Digital Nomads Lifestyle


February 4, 2018

Going about my daily life here in Prague I almost missed that today was Super Bowl Sunday. My first big Super Bowl in my own home, when we were still cash poor, we invited friends to contribute to a communal pot of gumbo, a seafood stew of source created in the Louisiana bayou and a staple in African-American homes across the country. A tradition was born. For the next 20 years I would make gumbo and became increasingly expert at it. Our house and our gumbo became one of the hottest Super Bowl tickets in our social circle. In our two-story home the crowd quickly separated by gender, the men downstairs watching the game, and the women upstairs watching the commercials.

Everybody had margaritas and plenty to say, the men about the last completed pass and the women about what was going on in their lives. I loved the commercials and everything they symbolized about U.S. capitalism and the best ways to reach the masses, win their stomachs, their egos, or their hearts. This day held a place of reverence in my life for decades, and now the emotional connection has been completely severed, except for the commercials.

What does Super Bowl Sunday mean to the global citizens roaming the planet in search of a broader perspective? Some, like me, enjoy the release from a tradition I was never fully vested. Others will be huddled in a sports bar, depending on the time zone at some odd hour of the morning or night. And others, quite frankly, won’t give a damn.

Largest Sporting Event in the World? Not!

Last year’s UEFA Champions League finals, with Europe’s top soccer clubs, was watched by an audience of more than 180 million people. The 2014 World Cup final in Rio de Janeiro had an audience of over a billion viewers. The tournament as a whole was watched by some 3 billion people.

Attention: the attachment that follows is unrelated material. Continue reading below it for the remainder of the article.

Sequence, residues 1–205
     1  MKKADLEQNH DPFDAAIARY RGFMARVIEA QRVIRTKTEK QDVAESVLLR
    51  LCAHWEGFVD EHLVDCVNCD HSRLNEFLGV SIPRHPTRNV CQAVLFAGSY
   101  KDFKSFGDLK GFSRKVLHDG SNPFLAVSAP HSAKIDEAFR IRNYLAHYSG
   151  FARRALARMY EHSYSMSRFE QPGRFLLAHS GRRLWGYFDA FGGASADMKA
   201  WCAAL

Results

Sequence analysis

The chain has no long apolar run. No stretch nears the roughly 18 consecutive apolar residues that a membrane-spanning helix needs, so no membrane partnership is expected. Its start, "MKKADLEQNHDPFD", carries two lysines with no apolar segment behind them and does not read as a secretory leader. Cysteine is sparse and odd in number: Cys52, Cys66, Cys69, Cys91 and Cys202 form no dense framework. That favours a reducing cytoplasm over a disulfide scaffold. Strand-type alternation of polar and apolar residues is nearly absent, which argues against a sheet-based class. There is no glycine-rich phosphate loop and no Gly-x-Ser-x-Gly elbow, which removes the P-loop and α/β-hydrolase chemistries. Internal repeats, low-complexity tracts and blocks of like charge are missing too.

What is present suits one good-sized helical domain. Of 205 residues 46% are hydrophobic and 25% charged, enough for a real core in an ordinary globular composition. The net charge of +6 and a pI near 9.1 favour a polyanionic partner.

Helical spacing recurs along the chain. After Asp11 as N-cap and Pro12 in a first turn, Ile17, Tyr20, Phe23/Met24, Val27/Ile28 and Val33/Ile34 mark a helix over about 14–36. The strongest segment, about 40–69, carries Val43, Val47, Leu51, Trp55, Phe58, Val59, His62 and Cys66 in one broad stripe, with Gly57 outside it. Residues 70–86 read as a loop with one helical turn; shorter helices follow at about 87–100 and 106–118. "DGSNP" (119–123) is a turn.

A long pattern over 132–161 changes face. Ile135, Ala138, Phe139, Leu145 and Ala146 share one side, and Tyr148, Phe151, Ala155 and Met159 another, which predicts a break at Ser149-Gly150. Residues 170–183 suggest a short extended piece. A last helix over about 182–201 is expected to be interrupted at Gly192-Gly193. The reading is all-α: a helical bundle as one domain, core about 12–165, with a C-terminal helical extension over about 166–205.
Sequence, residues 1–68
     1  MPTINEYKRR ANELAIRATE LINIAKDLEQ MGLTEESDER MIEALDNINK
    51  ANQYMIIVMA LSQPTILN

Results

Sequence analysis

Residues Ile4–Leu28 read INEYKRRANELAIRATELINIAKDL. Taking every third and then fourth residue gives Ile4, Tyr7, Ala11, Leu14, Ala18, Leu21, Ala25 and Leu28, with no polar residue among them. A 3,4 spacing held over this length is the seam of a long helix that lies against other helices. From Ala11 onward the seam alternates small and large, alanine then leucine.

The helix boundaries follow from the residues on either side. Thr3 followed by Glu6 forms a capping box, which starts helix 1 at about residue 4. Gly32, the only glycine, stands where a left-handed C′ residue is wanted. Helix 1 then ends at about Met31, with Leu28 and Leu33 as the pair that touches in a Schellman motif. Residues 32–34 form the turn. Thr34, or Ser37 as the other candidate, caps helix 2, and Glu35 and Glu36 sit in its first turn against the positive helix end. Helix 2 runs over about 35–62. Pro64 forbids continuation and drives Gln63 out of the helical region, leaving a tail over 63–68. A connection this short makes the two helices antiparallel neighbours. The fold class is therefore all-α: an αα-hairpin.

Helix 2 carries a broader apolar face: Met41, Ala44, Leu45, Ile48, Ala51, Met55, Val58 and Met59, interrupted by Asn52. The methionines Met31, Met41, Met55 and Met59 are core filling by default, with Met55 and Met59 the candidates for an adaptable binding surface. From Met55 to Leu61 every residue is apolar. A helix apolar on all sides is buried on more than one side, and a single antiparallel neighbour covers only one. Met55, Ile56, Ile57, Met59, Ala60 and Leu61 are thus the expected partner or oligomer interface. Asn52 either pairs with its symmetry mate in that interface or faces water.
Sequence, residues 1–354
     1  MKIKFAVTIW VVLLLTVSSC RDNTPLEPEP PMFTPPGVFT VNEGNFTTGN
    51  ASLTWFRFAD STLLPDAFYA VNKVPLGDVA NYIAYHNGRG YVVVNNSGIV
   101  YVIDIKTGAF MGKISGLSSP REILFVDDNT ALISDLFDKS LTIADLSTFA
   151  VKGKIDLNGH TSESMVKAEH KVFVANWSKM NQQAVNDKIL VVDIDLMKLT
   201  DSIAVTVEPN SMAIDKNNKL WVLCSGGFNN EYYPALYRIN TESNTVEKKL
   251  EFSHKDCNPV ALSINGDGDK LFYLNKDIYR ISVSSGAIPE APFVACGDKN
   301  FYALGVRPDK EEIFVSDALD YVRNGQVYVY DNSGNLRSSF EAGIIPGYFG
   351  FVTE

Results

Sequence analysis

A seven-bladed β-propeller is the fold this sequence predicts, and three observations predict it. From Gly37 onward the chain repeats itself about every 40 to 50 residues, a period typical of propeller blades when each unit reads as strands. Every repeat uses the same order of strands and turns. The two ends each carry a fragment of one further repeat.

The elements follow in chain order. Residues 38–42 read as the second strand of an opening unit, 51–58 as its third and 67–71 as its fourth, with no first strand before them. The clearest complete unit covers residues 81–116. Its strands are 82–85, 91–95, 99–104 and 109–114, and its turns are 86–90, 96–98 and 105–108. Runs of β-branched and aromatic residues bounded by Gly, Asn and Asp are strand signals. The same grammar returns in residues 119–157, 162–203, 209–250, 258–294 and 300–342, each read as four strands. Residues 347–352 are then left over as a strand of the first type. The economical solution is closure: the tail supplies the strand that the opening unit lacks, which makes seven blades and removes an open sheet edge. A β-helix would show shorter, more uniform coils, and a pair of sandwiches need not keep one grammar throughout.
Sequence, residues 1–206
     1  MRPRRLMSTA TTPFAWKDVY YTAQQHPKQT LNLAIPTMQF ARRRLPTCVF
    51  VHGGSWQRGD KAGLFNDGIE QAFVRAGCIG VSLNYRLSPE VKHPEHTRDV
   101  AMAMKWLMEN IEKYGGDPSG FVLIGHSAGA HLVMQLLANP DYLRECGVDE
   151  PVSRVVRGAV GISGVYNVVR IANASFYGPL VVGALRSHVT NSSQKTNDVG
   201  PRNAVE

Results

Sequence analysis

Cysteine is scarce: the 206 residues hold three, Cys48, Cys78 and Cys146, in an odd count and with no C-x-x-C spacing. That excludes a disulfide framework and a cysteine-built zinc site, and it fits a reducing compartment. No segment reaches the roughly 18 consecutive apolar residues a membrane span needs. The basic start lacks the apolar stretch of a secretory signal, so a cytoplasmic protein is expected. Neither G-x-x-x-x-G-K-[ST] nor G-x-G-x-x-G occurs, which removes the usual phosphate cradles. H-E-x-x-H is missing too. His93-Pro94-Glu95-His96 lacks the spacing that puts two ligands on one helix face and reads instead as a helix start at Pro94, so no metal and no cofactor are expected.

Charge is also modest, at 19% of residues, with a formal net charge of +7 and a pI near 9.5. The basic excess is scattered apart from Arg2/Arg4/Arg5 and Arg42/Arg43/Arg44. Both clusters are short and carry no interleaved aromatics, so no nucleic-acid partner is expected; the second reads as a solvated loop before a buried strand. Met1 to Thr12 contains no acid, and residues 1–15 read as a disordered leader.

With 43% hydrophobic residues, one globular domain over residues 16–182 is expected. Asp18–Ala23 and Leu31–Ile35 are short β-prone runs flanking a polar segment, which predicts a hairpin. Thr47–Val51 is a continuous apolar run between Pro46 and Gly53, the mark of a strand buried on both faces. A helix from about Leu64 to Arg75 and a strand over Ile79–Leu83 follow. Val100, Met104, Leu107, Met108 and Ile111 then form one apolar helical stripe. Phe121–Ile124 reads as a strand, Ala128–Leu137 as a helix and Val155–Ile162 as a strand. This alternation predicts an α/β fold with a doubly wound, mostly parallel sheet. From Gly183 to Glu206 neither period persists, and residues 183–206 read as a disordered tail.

There are a few sports almost unknown in the U.S. that draw huge crowds in Britain and its former colonies, like cricket, with an estimated 2 billion followers. The Twenty20 league is the third most-viewed sporting event behind the FIFA World Cup and Rugby World Cup. Rugby is played in the most countries around the world, exported from its stronghold in the UK and Ireland.

Why the madness?

[Ad spot photo] The Super Bowl is a money-making industry at every level. Tickets to the game and the sales of beer to patrons is the lowest level of revenue generation. The Super Bowl sells. There’s the liquor, the food, the special napkins and plastic cups for thousands of Super Bowl parties, from tailgates to luxury spreads. There are the new TV sales as people scramble to get something bigger and better for the show of the year. Advertisers place big bets on the commercial space between kickoffs and races to the goal line. NBC is charging more than $5 million for a 30-second adspot this year.

Who’s Really Watching?

The size of the U.S. market is enough to fuel some GDP. According to Nielsen, 111.3 million people watch Super Bowl LI last year. Some skeptics think the numbers are going down. Forbes media consultant, Brad Adgate, predicted TV ratings wouldn’t break any records, but over 100 million people will be watching.

If you really want to get nerdy about it check out SUPER BOWL RATINGS HISTORY (1967-PRESENT).

The National Football League has sold out all three seasons of the games held in London’s Wembley Stadium since 2007. They’d like to establish a franchise there.

“We’re encouraged by the work we’ve done in London, the belief we can build long-term The NFL has a loyal following in countries including Britain, Australia, Canada and Mexico but may be struggling to gain a foothold in the prized China market, where most people do not have the ‘foggiest idea’ of the sport.”

Mark Waller, the NFL’s executive vice president of international

The Game, The Ads, The Controversy